The UK Government has expanded the current anti-terrorism laws, The Counter-Terrorism and Border Security Act which was granted Royal Assent in February grants new powers to law enforcement in the UK in the alleged attempt to tackle terrorism.
The new legislation will make it illegal for anyone to view terrorist content, whether that be propaganda content or streaming content filmed by an alleged terrorist as we saw in the recent Christchurch Shooting.
Those caught watching material just once under the new laws will face up to 15 years in prison.
Additionally, another recent update to this Draconian legislation
Under Section 58(1) of the 2000 Act, it was already an offence to collect or make a record of information that is likely to be useful to a person committing or preparing an act of terrorism.
However, the government argued in the impact assessment for the 2019 Act that this “would not capture a situation where a person viewed such material over the internet without obtaining a permanent access to it”, such as by streaming or viewing it online.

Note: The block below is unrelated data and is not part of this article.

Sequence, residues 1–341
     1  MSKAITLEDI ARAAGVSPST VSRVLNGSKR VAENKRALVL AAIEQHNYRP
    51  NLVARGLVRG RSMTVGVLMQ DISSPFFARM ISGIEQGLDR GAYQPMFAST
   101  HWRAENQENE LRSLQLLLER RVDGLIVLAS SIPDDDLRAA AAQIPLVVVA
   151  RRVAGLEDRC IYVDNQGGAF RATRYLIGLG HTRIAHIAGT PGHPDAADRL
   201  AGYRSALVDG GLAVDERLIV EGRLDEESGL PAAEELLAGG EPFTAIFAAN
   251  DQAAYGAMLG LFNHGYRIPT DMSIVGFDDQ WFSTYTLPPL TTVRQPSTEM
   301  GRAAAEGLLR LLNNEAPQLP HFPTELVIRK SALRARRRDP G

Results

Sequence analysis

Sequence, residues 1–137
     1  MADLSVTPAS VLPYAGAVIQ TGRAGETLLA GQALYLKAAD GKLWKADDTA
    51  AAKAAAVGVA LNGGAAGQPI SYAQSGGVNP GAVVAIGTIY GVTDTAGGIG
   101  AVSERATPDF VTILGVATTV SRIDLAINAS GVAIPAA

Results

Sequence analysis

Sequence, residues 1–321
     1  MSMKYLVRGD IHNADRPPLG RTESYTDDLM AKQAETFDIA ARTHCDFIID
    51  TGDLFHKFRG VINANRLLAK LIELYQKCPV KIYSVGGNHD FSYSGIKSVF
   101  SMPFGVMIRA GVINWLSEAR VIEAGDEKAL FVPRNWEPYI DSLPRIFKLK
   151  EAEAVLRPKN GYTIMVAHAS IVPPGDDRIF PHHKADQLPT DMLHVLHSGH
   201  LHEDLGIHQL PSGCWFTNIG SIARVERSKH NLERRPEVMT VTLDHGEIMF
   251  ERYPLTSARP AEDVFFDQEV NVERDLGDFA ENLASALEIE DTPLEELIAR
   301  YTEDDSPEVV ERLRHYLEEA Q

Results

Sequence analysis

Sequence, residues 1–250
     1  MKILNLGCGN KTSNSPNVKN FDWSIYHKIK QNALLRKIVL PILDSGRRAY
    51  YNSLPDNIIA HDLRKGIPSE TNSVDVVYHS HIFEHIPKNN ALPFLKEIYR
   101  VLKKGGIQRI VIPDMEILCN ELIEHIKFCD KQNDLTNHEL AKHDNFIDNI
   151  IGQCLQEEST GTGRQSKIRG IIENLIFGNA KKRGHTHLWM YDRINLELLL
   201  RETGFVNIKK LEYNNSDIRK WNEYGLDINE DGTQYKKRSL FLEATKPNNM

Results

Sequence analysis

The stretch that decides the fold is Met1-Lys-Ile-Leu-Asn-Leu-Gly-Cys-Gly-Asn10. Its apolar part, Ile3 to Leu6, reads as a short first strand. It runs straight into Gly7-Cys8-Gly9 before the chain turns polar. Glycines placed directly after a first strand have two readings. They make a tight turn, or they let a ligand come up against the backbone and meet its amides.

The report stated that the existing laws did not capture the “nuance” in “changing methods” for distribution and consumption of terrorist content, so a new clause was added into the 2019 Act (PDF), making it an offence to “view (or otherwise access) any terrorist material online”.
So what this means is that anyone who just merely clicks on such content will be captured under this new legislation, regardless of one’s intent.
Exempt from these new laws are Government officials and authorised Journalists, which is no exemption at all in reality. What this new legislation effectively is attempting to do is ensure only authorised narratives can be circulated into the public domain.
Controlling the Narrative – Welcome to 1984.